Heroes. This term in particular fuels the imagination, churning up a plethora of figures that are all but familiar to each individual. These enigmas can generally be grouped into two vastly differing categories; those that exist as tangible forms and those that dwell only in parallel worlds. Although the two genres of heroes are like chalk and cheese, the fact of the matter remains that they have similar traits that each of us found endearing at any particular point of time. It is their drive to perform to the epitome of their abilities, the unwillingness to throw in the towel even when faced with the bleakest circumstances that we based our morals upon. It can be said that the most fervent worshippers attempt to emulate the legacy that their heroes left behind, even to the minutest detail.
I must admit that merely two standouts from the myriad of heroes have come off as impressionable to me, at least. One of them exists on a virtual plane; perhaps I may begin with this fictional character? It is known as “Kamen Rider”, which translates loosely to “Masked Rider” in the Queen’s English. This vigilante was featured originally in a Japanese television that spanned a remarkable ninety-eight episodes. Such was its popularity that it was even brought onto the silver screen in the visage of full-length movies. The titular character is a homosapien that employs the use of a mundane accessory, the belt, to transform into an armored alter-ego. The purpose? To fend off malicious threats to the Earth’s inhabitants, as in any typical superhero franchise.
There exists a multitude of such animated superheroes, leading one to wonder- why Kamen Rider? I suppose the clear reason would be that it was one of the first television programs introduced to me when I was still in the stage of early adolescence. Although it might strike us as immature when we see Kamen Rider on the television nowadays, possibly due to the change in our tastes in proportion to the progression of our lives; Kamen Rider was the undisputable definition of “epic” in the good days of old. Even today, the sight of Wushu practitioners flailing their tasteless swords conjured out of flimsy aluminum foil around is reminiscent of how Kamen Rider handled his cumbersome blade, if you could call it that. What actually captivates you in the series is not the lackadaisical fight sequences; those come across as stiff and unrealistic, with bright sparks whizzing about every instant of contact and blinking blue lights flashing as Kamen Rider invoked some glitzy gadgetry in an attempt to pimp his ride, or in colloquial Singaporean terms, “zhng his car”. It was more of watching the actors portray their characters, developing their emotions and bonds to respective characters as the story progressed. A rather heartwarming series, if I may say so. Kudos to the Land of the Rising Sun for coming up with a Japanese He-Man.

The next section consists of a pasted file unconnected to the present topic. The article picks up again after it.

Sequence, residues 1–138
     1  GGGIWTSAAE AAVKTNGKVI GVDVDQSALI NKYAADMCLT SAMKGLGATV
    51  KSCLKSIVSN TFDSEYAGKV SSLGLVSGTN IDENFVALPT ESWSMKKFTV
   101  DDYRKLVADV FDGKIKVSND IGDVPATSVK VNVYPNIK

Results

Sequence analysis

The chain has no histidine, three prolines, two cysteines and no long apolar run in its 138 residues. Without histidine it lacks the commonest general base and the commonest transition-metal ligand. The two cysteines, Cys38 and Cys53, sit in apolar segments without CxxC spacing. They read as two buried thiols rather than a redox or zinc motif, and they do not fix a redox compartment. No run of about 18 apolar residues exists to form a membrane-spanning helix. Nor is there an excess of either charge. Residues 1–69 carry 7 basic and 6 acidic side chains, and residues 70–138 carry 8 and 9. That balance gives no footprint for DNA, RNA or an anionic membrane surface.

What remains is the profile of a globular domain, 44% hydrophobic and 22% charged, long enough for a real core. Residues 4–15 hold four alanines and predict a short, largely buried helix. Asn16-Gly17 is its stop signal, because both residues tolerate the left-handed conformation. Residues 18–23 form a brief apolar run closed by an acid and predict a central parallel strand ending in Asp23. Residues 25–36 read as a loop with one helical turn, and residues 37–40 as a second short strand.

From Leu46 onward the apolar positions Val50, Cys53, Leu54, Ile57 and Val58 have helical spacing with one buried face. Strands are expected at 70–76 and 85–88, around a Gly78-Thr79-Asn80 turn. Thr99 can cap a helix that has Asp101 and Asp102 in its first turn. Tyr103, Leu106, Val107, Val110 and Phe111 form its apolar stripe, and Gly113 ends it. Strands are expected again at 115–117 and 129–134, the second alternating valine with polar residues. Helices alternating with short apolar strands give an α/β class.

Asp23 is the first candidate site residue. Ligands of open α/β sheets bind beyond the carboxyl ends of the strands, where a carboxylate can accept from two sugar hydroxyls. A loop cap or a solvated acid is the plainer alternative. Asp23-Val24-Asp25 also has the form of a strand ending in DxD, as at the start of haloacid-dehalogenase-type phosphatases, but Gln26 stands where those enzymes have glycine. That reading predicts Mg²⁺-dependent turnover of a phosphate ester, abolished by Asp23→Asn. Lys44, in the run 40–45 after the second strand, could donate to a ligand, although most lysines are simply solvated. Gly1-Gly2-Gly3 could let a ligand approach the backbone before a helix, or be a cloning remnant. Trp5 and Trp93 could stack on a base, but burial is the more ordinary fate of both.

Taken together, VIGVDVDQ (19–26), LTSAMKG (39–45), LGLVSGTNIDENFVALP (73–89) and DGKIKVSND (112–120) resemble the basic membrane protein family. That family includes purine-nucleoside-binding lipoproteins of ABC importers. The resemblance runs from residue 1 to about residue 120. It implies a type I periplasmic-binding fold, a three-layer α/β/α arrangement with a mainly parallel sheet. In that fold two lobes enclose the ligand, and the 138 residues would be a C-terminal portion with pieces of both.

Of course, Kamen Rider is not the only entity that resembles a sliver of a hero. Any down-to-earth working class hero would be expected to consider a larger than life, modern-day mortal as a hero, for that is politically correct as well as socially acceptable. After all, you don’t just proclaim the one you look up to to be a fictional character as you climb the social ladder; it makes you look like an oxymoron, which is what you’ll be if couldn’t grow out of the diapers.
Therefore, let us settle on Barack Obama, the Democrat currently gunning for the top seat in the White House. Off the bat, let us note that this fellow is an African-American. This single fact would, with a high probability, draw a string of protests, most of which stating his incapability due to his racial backgrounds. In my opinion, that borders on the edge of shallowness. America’s voting for a President, a charismatic and competent leader, not a Prom King. His attempt to be the first black elected into Presidency is a bold move, one that demands nerves of steel which is crucial in warding off the naysayers and diehard racists. It is a boundary that most would not deign to traverse. Originally trailing behind the pack leader, Hilary Clinton, Obama eventually managed to garner sufficient votes to throw a spanner into Clinton’s campaign through his beguiling speeches. His own campaign is based on the concept of change, one that promises a restructured America. It is no surprise that many have accepted his ideals and given him their utmost support, for they are disgruntled with the ineptness of the incumbent President, George Bush. Evidence of this can be found even in the media, as seen punk rock band Green Day’s political bashing song, Holiday.
“Hear the dogs howling out of key, to a hymn called ‘Faith and Misery’. And bleed, the company lost the war today.”
The verses refer to Bush’s botching of the war in Iraq. This is basically saying that no matter what happens in this war with Iraq, America loses. Many people died and are still dying, both American and Iraqi. It’s saying that war is hell and regardless of the outcome, there is no winner. The main reason why Obama will triumph over the current adversary, McCain, is that McCain spells another four years of Bush. McCain promises change, but he probably won’t give it to you. All the more reason for Obama to clinch the title. After all, America needs a fresh start. Hero? Yes, without a doubt. Sieg Heil!
Sometimes, the deeds of various so-called heroes transcend what can be expressed on a sheet of paper. We have to experience their acts, whether beneficial or detrimental to a particular issue, in order to pass fair and unequivocal judgment as to whether he or she is deserving of the honorific.
Perhaps there is a hero in all of us. We just need to look.
The essay that I finally completed yesterday night. Before I go, here’s a picture.